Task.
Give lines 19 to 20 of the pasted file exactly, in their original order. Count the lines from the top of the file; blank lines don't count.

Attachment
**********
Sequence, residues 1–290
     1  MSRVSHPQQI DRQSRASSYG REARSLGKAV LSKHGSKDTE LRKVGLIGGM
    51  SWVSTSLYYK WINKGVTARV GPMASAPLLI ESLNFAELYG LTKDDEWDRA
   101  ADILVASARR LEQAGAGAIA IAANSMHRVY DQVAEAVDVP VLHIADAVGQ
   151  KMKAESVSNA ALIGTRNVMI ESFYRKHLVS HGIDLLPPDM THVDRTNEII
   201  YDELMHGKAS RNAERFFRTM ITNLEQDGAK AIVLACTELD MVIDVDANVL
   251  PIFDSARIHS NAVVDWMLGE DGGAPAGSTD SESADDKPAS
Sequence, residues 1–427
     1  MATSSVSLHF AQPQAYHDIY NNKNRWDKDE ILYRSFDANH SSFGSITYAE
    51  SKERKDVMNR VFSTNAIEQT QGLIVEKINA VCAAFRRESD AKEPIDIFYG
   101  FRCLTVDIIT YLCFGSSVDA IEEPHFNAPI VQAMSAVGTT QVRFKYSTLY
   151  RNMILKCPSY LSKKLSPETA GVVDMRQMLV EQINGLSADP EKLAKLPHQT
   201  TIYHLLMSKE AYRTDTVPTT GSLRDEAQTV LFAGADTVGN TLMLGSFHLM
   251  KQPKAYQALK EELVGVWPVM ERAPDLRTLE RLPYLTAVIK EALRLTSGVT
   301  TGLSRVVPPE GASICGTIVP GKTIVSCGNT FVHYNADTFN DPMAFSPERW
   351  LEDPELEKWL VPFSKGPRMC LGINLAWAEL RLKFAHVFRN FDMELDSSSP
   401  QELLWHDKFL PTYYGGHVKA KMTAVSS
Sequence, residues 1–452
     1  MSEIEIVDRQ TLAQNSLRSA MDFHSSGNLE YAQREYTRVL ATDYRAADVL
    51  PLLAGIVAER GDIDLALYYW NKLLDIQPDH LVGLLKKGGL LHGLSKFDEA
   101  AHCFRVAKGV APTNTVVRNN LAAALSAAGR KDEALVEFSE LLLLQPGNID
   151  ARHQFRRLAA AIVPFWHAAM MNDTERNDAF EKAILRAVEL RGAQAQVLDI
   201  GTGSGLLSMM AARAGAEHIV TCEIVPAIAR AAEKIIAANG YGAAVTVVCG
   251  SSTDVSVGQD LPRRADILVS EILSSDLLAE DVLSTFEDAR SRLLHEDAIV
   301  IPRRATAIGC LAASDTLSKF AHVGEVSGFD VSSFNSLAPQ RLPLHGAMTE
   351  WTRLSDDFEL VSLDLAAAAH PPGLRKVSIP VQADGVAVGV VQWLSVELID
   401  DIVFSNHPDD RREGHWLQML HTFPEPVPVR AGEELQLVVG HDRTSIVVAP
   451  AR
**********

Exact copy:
     1  MSEIEIVDRQ TLAQNSLRSA MDFHSSGNLE YAQREYTRVL ATDYRAADVL
    51  PLLAGIVAER GDIDLALYYW NKLLDIQPDH LVGLLKKGGL LHGLSKFDEA